In the Canon Episcopi, written about in the 8-9th century, we read that some women affirmed to go to the gathering of the goddess Diana while dreaming, but the author of the Canon was sure that this wasn't a real thing but a deception by the devil. The devil, like an Incubus, send the fake dream to these women, but this was all. People believed that there were women using bad magic, but not these ones. The Canon Episcopi tried to fight against the last residual of paganism, probably the most unconscious ones, since this Diana is not the ancient one, but maybe just a name which was retained in these women's mind. According to Margaret Murray, who deals with the matter in The god of the witches, these women formed a real religious group, practicing a religion known since prehistoric times and worshipping a horned god who was lately confused with the devil in order to vindicate the persecution on the followers of this "Old Religion". If things had been truly in this way, why would we have met a goddess and then a god and why wouldn't Christianity immediately have charged this people of casting evil spells?
It's almost improbable that the followers of Diana turned into witches worshipping the devil; even witch hunters used to say they weren't persecuting Diana's gatherings, but they were also convinced that the women the Canon was talking about were at the presence of the devil, since the goddess didn't exist. From the 14th century on, more and more people began to talk about other people renouncing to Christ to worship the devil and cast evil spells, while less and less the name of Diana or of other ancient goddesses has been made.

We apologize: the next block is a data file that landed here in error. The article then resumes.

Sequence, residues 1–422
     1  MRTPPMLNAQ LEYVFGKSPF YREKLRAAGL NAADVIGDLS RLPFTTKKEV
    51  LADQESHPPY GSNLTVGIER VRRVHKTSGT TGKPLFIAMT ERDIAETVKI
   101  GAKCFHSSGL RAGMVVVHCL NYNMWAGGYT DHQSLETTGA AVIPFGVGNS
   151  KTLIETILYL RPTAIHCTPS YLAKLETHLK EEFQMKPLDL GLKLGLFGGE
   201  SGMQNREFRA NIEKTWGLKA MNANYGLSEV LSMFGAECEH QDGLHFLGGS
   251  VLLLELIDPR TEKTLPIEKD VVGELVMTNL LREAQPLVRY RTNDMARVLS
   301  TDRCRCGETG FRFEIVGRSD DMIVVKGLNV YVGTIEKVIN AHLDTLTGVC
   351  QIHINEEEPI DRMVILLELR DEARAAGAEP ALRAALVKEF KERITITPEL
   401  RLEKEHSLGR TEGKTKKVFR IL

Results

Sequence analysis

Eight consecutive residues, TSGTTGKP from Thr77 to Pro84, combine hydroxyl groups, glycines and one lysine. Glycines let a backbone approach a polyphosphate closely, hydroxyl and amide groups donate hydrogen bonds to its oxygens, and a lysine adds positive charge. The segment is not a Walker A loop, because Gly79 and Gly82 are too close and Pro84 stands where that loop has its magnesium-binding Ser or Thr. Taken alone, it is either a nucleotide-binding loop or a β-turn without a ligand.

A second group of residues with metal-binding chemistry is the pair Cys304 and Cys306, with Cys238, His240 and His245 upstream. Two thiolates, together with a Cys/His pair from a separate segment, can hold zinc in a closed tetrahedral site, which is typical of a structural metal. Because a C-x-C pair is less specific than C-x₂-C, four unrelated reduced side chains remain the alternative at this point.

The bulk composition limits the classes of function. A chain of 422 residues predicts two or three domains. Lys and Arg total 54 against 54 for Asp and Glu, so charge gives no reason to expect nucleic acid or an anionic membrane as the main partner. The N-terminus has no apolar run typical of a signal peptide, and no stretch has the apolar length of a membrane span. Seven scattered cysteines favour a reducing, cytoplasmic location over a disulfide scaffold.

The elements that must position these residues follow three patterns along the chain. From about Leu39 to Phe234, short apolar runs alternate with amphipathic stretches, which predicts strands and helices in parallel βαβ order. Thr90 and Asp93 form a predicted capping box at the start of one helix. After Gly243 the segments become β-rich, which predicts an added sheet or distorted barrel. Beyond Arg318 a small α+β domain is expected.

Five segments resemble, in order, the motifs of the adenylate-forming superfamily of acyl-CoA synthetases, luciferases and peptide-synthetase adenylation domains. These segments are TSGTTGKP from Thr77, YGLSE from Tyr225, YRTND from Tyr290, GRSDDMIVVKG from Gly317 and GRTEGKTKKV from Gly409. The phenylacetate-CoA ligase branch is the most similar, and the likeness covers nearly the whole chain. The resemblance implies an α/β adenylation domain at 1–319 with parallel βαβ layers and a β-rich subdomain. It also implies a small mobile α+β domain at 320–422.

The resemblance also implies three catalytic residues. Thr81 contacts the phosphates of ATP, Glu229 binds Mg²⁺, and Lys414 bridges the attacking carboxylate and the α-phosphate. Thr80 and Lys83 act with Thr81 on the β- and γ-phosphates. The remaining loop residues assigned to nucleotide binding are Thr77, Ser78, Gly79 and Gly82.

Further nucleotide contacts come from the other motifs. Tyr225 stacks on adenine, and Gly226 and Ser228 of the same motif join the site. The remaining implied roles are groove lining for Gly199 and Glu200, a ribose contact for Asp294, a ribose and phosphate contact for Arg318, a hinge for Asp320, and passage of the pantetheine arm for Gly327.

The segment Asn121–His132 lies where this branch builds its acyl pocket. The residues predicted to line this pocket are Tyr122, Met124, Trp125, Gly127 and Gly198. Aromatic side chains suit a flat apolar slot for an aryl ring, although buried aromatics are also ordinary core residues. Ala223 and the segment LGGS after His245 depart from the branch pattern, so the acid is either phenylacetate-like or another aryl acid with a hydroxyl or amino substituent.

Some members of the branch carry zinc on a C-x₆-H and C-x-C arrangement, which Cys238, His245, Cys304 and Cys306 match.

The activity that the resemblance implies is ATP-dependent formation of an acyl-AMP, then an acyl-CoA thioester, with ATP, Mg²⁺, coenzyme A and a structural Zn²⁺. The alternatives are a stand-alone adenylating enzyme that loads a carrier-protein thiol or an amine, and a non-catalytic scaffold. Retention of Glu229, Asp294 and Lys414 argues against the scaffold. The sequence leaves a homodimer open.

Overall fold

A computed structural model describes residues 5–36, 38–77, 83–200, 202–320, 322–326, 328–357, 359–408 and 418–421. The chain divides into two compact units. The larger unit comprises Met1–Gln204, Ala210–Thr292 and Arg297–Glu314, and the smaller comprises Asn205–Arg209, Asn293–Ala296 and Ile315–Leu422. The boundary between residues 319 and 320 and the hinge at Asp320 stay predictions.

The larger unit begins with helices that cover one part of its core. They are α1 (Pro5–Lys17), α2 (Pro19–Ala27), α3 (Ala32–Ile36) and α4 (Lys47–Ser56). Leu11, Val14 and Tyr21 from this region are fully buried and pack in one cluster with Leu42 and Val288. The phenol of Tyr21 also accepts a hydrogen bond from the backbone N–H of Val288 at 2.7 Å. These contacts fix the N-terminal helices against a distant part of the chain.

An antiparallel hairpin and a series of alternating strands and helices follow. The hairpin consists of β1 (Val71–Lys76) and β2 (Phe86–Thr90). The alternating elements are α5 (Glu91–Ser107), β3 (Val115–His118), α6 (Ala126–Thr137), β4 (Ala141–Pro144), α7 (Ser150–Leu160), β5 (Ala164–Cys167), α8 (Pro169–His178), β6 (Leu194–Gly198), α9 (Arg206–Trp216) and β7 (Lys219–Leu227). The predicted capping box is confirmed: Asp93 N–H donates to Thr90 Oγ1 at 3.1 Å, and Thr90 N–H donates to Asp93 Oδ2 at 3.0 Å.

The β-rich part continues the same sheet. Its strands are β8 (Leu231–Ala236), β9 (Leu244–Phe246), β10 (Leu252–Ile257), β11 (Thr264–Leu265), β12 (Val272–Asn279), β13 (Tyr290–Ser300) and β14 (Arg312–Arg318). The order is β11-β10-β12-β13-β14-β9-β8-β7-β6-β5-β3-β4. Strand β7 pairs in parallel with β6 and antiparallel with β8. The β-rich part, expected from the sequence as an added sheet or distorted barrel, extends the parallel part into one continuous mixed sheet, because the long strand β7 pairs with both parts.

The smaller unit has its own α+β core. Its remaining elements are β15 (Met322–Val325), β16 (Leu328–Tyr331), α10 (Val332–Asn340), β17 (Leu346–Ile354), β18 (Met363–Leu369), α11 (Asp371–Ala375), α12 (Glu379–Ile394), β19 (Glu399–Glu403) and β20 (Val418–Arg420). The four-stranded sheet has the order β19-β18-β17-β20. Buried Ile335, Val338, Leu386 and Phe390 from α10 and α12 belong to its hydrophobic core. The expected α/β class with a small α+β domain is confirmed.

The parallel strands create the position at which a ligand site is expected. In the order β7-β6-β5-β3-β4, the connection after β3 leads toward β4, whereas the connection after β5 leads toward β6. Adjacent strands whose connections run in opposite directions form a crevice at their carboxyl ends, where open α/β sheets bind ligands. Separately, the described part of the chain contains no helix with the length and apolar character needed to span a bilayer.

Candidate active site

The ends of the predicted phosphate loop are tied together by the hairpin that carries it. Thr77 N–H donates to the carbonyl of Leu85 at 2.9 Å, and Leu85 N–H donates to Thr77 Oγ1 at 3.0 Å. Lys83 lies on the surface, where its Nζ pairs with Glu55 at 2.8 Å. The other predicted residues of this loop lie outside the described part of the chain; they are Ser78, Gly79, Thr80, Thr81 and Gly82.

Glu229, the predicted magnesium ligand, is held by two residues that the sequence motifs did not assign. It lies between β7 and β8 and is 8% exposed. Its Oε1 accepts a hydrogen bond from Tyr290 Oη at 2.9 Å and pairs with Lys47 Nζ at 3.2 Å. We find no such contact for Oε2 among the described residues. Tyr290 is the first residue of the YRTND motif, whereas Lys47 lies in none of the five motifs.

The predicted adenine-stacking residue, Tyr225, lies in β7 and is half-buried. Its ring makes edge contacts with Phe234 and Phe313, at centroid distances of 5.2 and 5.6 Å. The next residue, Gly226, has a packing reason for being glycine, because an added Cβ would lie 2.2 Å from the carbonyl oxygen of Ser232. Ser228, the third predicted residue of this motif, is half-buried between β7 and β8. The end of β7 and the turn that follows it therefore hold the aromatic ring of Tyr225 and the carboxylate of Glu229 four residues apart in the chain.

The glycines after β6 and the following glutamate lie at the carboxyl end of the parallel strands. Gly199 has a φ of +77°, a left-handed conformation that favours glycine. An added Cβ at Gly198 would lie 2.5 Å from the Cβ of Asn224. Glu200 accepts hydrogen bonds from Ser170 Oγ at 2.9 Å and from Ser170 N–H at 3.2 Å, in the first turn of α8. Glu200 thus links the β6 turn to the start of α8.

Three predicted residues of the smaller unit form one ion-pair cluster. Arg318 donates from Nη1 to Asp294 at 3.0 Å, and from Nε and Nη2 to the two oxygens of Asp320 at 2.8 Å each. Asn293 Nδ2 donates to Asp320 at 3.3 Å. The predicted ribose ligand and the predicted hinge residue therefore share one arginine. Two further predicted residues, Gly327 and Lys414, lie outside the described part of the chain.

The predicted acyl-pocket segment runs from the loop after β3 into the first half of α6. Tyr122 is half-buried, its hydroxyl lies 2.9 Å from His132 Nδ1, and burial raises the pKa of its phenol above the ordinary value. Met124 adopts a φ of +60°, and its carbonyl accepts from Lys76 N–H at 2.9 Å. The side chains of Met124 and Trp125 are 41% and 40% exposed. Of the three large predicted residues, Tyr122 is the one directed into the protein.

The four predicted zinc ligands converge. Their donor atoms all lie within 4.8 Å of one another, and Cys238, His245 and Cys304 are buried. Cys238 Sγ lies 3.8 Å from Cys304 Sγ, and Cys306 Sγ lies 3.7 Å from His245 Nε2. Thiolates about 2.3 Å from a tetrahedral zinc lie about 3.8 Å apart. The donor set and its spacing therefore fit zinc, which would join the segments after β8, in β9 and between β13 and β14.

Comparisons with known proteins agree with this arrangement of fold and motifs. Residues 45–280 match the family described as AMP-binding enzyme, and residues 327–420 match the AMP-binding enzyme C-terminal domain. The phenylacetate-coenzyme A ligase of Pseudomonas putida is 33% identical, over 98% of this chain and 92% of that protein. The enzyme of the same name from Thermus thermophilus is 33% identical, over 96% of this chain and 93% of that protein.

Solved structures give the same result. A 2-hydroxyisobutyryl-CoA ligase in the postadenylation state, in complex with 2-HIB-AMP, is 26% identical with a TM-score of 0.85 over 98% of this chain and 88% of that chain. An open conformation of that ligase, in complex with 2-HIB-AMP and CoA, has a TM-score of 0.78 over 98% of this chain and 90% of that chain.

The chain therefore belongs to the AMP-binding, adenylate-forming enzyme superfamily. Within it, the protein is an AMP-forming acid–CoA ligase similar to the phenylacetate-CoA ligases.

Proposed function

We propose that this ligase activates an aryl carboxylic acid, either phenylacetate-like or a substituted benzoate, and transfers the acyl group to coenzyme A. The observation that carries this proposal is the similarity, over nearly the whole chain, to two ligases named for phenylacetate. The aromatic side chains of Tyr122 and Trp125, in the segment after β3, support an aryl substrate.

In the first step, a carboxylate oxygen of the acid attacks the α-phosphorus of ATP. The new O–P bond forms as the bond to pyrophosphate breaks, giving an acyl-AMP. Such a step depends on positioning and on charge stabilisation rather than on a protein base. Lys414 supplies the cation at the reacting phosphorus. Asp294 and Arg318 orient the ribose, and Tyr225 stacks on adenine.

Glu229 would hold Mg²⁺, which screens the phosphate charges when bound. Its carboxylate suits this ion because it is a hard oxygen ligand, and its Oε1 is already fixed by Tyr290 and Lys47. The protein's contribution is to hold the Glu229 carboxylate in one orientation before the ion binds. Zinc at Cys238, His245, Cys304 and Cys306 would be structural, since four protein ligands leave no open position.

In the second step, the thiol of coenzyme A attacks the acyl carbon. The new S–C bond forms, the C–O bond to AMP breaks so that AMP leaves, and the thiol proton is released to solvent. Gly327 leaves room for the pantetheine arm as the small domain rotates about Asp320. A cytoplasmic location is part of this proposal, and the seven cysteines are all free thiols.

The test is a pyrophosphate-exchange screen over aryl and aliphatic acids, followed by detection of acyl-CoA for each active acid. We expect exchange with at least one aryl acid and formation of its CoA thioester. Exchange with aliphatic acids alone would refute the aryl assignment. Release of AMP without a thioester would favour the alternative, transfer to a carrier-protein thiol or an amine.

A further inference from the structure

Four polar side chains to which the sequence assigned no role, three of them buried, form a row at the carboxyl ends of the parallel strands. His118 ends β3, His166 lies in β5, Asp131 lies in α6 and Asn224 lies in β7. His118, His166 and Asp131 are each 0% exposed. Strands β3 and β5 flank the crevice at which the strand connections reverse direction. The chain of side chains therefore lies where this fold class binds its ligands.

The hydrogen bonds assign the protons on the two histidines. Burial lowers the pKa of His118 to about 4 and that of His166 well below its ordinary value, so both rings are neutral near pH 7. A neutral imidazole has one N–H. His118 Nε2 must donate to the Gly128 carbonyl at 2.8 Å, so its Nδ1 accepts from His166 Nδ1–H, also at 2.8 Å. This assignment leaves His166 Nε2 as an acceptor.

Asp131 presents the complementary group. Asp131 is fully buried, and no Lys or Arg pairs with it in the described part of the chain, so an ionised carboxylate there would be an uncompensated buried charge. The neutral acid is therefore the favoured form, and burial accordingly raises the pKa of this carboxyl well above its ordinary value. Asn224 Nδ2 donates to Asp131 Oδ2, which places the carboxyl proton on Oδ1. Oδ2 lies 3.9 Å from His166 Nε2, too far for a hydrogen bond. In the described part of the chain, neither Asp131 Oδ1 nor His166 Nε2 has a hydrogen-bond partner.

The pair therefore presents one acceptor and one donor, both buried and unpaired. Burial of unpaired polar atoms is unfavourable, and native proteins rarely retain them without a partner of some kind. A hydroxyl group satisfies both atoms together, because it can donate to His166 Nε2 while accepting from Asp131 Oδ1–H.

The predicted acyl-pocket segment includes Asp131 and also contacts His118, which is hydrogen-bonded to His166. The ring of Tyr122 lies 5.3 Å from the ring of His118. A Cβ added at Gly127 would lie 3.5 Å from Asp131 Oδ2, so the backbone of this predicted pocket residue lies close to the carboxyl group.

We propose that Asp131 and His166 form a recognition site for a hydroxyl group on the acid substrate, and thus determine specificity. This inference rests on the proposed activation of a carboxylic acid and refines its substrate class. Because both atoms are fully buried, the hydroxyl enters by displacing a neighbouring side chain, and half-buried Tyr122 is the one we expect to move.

Another god, this time a Celtic one, gave other ideas for depictions of devil: in fact, in some Irish sculptures and book illuminations, the devil has got deer horns. Like other Celtic deities of fertility, the deer horned god was sometimes depicted with three faces (number three was especially sacred to the Celt, so in their art and religion we find tangles of three colours, groups of three deities, tasks to be done three times and so on): in Dante's Divine Comedy, Lucifer has three faces too: a yellow one representing wrath, a black one representing ignorance, a red one representing impotence.
So when a god is turned into a devil, we can recognize some ever present features: the god who has been changed was a fertility god, and usually a male fertility god, and a god of sexuality. What they were really demonizing was the happy expression of sexuality, also the feminine one. Augustin, in his letter n. 91 so writes about Flora: "whose dramatic games are celebrated with a profligacy so utterly dissolute and shameless, that any one may infer from them what kind of demon that must be which cannot be appeased unless—not birds, nor quadrupeds, nor even human life—but (oh, greater villany!) human modesty and virtue, perish as sacrifices on her altars".
On the opposite, the gods related to the possession, the enthousiasmos, as the Greeks said, aren't involved, or not so deeply, in this process of demonization. Nor Dionysus, nor Apollo are usually named. On the contrary, Apollo is named as a metaphor of inspiring poetry:
O good Apollo, for this last labor make me a vessel worthy of the gift of your beloved laurel Up to this point, one peak of Mount Parnassus has been enough, but now I need them both in order to confront the struggle that awaits. Enter my breast and breathe in me as when you drew out Marsyas, out from the sheathing of his limbs.
Dante's Paradise, vs. 13-21 (from the Princeton Dante Project translation)
It's not the gods that make Christianity tremble, but human sexuality, like everything that can't be controlled from above. Like the deities Christians took inspiration from to create the images of their devil: gods of the woods, gods of the animals. Those gods and goddesses who lived in the forest, which Augustin opposes to the city of god. They are the divine embodiment of that nature from which neoplatonism and idealistic philosophy first had moved away the original paganism and to which today's paganism is coming back.
Extract from the episode of Fontes, April 2009